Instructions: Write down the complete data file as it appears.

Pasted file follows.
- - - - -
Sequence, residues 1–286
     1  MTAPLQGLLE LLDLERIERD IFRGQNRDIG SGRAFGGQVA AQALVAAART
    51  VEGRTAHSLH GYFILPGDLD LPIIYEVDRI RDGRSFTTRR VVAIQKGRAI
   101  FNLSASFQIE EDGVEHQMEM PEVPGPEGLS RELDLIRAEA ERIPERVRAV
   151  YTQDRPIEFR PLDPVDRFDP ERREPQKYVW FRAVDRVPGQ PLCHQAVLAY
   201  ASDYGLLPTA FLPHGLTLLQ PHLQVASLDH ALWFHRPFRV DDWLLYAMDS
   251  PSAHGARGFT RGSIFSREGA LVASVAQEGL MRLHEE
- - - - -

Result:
Sequence, residues 1–286
     1  MTAPLQGLLE LLDLERIERD IFRGQNRDIG SGRAFGGQVA AQALVAAART
    51  VEGRTAHSLH GYFILPGDLD LPIIYEVDRI RDGRSFTTRR VVAIQKGRAI
   101  FNLSASFQIE EDGVEHQMEM PEVPGPEGLS RELDLIRAEA ERIPERVRAV
   151  YTQDRPIEFR PLDPVDRFDP ERREPQKYVW FRAVDRVPGQ PLCHQAVLAY
   201  ASDYGLLPTA FLPHGLTLLQ PHLQVASLDH ALWFHRPFRV DDWLLYAMDS
   251  PSAHGARGFT RGSIFSREGA LVASVAQEGL MRLHEE